430 F.2d 1214 (5th Cir. 1970), 28590, Brown v. Thompson
|Citation:||430 F.2d 1214|
|Party Name:||Ollie Mae BROWN and Margaret Brown, Plaintiffs-Appellants, v. Allen C. THOMPSON et al., Defendants-Appellees.|
|Case Date:||August 06, 1970|
|Court:||United States Courts of Appeals, Court of Appeals for the Fifth Circuit|
Armand Derfner, James A. Lewis, Jackson, Miss., Milton M. Carrow, New York City for plaintiffs-appellants.
A. F. Summer, Atty. Gen. of Mississippi, William A. Allain, Asst. Atty. Gen., John E. Stone, City Atty., Robert G. Nichols, Jr., Special Counsel, Thomas
H. Watkins, Special Counsel, Jackson, Miss., for defendants-appellees.
Before JONES, WISDOM and COLEMAN, Circuit Judges.
JONES, Circuit Judge:
In Jackson, Mississippi, on May 11, 1967, during a demonstration, there was a confrontation between demonstrators and law enforcement officers. Shots were fired and Benjamin Brown was killed. His widow and mother, the appellants herein, brought an action for wrongful death under 42 U.S.C.A. § 1983, against the Mayor of Jackson, its Chief of Police, the State Commissioner of Public Safety, 'John Doe,' who 'is one or more officers of the Police Department' of Jackson, 'Richard Roe,' who 'is one or more officers of the Highway Patrol' of Mississippi, and Travelers Indemnity Company, the surety on the bonds of the Commissioner of Public Safety and 'Roe.' A claim was also asserted for wrongful death under the laws of Mississippi.
The complaint was filed May 10, 1968. The first count charged that the law enforcement officers were not properly trained and the defendants responsible for their training were liable for their wrongful act in shooting Brown. By Count Two the named defendants were charged with responsibility for the acts of their subordinates. Count Three charged liability under the State law for wrongful death, both statutory and common law. A claim for $100,000 compensatory damages and $100,000 punitive damages was made on each count. After answers were filed and the case was at issue and had been set for trial, a continuance was granted on application of the plaintiffs. Depositions were taken. By motions to produce and subpoenas duces tecum, the plaintiffs sought to obtain files and records of the Police and Highway Patrol. The defendants opposed the motion to produce and moved to quash the subpoena duces tecum. Both the motions to produce and the motions to quash were granted in part and denied in part. The district court required the production of some of the documents specified but declined to require the production of the files on the death of Benjamin Brown on the ground that the contents were privileged and that the files concerned parts of a homicide investigation which was then still open, the contents of which were highly confidential.
The case was again set for trial, this time for July 22, 1969. The plaintiffs moved for leave to dismiss without prejudice. The defendants objected. The plaintiffs asserted that they could not go to trial without the information contained in the files to which they had been denied access. The defendants filed a motion to dismiss with prejudice. In their motion it was recited that a continuance had previously been granted to permit the plaintiffs to develop evidence and that, as a result, depositions had been taken. It was also stated that the defendants had again prepared for trial and that since the plaintiffs announced that they could not proceed to trial, the cause should be dismissed with prejudice. The motion was granted. The cause was dismissed with prejudice. The plaintiffs have appealed.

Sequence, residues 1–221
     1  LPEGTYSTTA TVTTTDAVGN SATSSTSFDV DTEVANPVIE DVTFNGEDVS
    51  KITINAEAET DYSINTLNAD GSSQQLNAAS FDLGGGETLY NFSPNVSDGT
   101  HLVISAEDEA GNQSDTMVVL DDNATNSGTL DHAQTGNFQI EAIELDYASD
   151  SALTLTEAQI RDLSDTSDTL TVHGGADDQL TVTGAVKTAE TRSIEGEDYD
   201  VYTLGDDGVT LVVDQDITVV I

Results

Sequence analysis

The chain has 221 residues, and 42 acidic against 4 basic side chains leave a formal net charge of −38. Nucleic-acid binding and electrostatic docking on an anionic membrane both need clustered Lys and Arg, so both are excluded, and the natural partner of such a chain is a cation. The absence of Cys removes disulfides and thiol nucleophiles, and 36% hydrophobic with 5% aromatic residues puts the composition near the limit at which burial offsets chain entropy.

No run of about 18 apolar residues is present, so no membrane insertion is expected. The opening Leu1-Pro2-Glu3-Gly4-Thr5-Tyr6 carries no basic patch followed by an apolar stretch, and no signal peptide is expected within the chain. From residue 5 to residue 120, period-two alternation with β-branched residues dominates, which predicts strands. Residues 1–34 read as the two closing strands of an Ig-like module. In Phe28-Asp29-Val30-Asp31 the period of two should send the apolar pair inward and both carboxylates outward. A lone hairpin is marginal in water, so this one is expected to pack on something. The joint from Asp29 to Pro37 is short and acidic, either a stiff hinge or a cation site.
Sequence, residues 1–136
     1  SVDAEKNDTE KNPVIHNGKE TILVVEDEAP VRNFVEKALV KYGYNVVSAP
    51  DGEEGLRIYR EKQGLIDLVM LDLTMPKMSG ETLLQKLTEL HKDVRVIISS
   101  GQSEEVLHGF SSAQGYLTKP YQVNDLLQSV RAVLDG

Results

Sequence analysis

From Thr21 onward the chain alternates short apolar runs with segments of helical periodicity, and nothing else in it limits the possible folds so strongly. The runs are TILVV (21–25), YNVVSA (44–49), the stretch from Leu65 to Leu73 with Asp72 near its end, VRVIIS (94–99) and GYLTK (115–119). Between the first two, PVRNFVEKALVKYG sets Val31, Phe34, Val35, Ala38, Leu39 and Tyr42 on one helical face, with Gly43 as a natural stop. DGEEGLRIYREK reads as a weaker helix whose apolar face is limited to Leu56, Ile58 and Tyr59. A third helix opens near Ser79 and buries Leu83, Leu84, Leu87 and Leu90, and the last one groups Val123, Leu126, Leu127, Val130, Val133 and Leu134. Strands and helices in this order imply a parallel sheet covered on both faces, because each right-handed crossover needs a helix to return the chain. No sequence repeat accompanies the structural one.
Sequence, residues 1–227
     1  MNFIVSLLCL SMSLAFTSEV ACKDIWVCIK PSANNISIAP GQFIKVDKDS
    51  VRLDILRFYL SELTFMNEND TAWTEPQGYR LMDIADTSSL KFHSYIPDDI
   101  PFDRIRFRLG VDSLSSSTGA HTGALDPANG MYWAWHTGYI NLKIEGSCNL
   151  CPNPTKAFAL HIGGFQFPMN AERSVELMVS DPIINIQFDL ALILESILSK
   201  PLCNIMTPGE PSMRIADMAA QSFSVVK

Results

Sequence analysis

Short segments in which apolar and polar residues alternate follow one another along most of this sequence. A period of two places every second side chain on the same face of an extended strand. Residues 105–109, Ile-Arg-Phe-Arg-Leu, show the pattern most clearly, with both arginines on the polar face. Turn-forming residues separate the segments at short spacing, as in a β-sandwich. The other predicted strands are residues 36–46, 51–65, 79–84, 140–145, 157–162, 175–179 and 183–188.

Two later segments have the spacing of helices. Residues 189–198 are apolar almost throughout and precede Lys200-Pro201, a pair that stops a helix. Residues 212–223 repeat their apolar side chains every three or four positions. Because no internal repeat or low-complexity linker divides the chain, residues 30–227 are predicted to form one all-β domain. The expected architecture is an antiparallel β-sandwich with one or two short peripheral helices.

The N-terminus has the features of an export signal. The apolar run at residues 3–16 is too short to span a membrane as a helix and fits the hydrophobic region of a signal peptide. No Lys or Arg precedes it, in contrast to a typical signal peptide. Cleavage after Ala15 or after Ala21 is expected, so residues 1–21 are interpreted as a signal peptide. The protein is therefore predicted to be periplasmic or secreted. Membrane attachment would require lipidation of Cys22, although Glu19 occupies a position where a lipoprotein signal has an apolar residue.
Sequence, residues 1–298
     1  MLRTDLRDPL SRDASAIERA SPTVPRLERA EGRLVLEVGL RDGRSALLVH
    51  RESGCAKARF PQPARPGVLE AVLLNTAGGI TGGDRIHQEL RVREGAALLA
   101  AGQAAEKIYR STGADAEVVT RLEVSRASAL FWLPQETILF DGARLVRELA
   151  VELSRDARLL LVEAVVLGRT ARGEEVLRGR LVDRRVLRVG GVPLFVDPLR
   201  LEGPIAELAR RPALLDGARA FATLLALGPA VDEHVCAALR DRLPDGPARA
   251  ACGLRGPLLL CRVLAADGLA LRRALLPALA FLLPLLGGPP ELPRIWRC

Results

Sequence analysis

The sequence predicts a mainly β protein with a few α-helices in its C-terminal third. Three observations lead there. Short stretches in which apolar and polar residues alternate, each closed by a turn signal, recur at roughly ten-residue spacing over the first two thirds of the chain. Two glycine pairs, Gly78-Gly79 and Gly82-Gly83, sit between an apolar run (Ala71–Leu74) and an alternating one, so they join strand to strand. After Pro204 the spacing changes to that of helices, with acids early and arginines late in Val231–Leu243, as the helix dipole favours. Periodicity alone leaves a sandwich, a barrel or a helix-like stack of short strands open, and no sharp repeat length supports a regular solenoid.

The appellants concede that they would be unable to recover judgment without more evidence than that which they had been able to obtain. They had been denied access to the police report file on the investigation of the death of Brown. If access to the file was improperly denied it would follow that the judgment of dismissal with prejudice was error.
Government documents are the outstanding example of matter which is privileged and which is not subject to disclosure. 2B Barron & Holtzoff, Federal Practice and Procedure, p. 288, § 1003. It will expire upon the lapse of an unreasonable length of time. Whether there should be a disclosure is within the discretion of the trial court and, like other discretionary matters, the determination of the court should be made by a balancing of interests. The exercise of discretion, like other matters of discretion
vested in trial courts, will be considered upon review for an abuse of discretion. It is the unusual and exceptional case where the determination of the trial court is set aside. Swanner v. United States, 5th Cir. 1969, 406 F.2d 716; Adams v. United States, 5th Cir. 1958, 260 F.2d 467, cert. den., 359 U.S. 934, 79 S.Ct. 649, 3 L.Ed.2d 635 (1959). The judges of the Court of Appeals might well feel that under like circumstances they would have exercised the judicial discretion in a manner different from that in which it was exercised by the trial court. But, this is not a basis for reversing the determination of the trial court. The test is whether there has been an abuse of that discretion and in this case we hold that there was no such abuse.
By Rule 41(b) of the Rules of Civil Procedure, it is provided:
'For failure of the plaintiff to prosecute or to comply with these rules or any order of court,...
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